ANCIENT PHILOSOPHY AFTER ARISTOTLE Greek philosophy continued to flourish more or less for several centuries after the death of Aristotle. But its character was changed in some important respects. Plato and Aristotle attached supreme value to theoretical reflection as such. This is evident from their conception of God, for whom they could conceive no higher activity than thought. But Greek conditions in the latter part of the 4th century B.C. were not favourable to such dis interested thought. After the battle of Chaeronea, in 338 B.C., the Greeks lost their independence, and the Macedonian ascen dancy, even if it was not an unmixed evil, created too many prac tical problems to leave much scope for abstract speculations. People who turned to philosophy did so mainly in search of some kind of moral or religious tonic. Hence the subordination of theoretical to ethical discussions in post-Aristotelian philosophy. The most important of the Greek schools of philosophy after Aristotle were the Epicureans, the Stoics and the Sceptics. They were all interested mainly in the moral problems of human life, and their history belongs chiefly to the history of ethics.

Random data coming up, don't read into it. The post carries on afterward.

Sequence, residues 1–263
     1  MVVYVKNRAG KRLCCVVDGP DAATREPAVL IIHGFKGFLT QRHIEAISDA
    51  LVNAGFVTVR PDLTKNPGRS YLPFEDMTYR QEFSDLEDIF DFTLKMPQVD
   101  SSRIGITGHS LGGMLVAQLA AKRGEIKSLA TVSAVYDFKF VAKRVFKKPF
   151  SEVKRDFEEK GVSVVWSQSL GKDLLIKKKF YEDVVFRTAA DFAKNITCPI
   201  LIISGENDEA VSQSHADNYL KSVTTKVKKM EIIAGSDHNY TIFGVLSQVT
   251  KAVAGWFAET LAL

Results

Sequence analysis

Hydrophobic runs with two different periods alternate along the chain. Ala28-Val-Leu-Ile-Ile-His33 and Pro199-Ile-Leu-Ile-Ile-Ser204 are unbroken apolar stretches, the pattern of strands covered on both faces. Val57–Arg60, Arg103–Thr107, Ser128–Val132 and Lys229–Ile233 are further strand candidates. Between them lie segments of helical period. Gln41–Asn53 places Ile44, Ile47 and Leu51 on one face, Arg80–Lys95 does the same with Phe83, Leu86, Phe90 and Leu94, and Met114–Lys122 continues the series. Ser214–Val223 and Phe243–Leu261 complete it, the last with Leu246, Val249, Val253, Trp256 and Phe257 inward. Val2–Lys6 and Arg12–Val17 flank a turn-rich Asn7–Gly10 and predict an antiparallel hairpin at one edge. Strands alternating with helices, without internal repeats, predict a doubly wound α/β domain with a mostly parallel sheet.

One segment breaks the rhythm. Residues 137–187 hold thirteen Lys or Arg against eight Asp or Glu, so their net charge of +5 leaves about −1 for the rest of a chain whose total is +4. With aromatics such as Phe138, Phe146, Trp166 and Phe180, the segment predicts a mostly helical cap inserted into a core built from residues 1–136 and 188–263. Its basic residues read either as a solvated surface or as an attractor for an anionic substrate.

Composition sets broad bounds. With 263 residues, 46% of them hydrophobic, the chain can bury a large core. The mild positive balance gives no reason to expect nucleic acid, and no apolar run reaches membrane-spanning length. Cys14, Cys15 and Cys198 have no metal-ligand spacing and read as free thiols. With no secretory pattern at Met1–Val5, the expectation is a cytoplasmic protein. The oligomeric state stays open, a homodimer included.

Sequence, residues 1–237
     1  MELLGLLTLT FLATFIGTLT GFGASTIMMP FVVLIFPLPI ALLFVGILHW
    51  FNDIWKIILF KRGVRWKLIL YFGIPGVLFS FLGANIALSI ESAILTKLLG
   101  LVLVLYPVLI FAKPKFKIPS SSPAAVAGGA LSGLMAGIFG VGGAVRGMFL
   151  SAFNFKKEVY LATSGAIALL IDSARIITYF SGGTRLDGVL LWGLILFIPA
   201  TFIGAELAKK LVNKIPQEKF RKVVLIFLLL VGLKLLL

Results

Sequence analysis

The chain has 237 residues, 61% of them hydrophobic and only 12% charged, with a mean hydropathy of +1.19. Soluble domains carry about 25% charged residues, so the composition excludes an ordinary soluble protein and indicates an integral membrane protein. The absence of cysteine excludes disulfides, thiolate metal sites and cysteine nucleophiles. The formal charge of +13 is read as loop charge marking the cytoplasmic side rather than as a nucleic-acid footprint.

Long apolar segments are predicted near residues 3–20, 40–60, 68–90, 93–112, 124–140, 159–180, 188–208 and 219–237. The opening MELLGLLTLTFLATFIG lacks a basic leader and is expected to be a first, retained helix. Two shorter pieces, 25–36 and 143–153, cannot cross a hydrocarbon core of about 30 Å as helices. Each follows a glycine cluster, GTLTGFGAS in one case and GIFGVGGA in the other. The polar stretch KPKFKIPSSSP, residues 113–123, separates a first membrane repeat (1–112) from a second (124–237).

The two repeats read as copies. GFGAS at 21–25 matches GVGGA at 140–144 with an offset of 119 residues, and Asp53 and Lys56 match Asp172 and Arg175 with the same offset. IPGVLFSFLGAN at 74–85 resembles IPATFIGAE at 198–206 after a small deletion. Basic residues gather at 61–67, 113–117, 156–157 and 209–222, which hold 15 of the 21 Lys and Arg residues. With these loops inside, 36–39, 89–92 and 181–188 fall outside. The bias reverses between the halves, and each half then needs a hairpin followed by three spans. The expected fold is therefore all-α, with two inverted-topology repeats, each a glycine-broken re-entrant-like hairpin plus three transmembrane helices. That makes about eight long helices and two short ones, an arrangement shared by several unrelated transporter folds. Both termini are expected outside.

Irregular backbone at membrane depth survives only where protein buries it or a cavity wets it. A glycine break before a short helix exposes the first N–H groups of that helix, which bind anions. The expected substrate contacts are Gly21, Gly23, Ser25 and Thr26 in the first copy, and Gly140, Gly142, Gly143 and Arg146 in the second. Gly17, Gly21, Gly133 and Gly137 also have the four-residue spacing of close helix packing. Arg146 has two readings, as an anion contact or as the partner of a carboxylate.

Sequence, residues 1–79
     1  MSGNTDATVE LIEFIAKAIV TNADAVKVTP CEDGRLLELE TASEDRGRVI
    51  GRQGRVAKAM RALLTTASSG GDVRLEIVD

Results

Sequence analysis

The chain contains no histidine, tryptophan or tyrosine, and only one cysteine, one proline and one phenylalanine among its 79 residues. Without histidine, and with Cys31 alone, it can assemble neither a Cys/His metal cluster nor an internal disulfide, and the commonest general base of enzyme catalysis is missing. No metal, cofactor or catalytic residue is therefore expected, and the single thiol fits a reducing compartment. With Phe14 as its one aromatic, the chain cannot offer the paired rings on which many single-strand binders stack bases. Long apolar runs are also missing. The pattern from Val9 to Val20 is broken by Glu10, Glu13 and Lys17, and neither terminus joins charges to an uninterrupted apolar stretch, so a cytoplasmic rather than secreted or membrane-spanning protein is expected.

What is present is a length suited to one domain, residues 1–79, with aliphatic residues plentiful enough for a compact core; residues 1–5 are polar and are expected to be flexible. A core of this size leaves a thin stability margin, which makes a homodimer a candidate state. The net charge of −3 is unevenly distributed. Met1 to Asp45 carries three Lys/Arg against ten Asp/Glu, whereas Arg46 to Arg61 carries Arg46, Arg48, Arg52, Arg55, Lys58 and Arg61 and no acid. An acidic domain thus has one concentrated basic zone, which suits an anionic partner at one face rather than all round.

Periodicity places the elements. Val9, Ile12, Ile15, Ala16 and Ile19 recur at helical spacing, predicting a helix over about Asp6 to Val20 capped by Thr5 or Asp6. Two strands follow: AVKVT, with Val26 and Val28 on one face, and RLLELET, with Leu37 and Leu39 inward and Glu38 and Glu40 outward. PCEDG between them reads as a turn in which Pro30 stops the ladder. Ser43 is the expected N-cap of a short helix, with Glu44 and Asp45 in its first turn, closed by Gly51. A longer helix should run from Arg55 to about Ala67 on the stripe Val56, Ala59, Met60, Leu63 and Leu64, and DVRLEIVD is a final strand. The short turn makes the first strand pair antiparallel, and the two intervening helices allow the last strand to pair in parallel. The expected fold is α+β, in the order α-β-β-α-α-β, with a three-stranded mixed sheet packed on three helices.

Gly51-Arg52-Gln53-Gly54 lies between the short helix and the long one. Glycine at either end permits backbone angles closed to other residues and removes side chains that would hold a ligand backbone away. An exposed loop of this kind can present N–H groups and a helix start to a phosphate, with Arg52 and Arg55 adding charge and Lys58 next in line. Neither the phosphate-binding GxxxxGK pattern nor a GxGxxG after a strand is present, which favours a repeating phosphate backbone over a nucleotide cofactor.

Epicurus (?341-271 B.C.) and the Epicureans put no intrinsic value on knowledge. Its value, according to them, consists entirely in its usefulness for practical purposes. The study of nature is useful mainly because it emancipates us from groundless fears and superstitions. The study of human nature also has some
value as an aid to self-control. But most other studies they despised as learned lumber. Under the circumstances, they were not likely to make any valuable contributions to metaphysical theory. Yet we owe them something. As a reaction against the idealism and teleology of Plato and Aristotle, the Epicureans embraced the atomic theory of Democritus with its mechanistic explanations of all things. Even the soul was regarded as cor poreal, "composed of fine particles dispersed all over the body, most nearly resembling wind with an admixture of heat"; for. says Epicurus, "it is impossible to conceive anything incorporeal except empty space"; "hence those who call soul incorporeal talk foolishly." In the 2nd century B.C. Epicureanism obtained a foot hold in Rome, and there produced its most famous exponent in Lucretius (95-51 B.C.), whose poem, On the Nature of Things, contains the classic account of ancient atomism. In ethics they developed the hedonism of the Cyrenaics. While regarding pleasure as the only good, they distinguished different kinds, as well as degrees of pleasure, valuing mental pleasures, especially those resulting from the practice of virtue, above all others. (See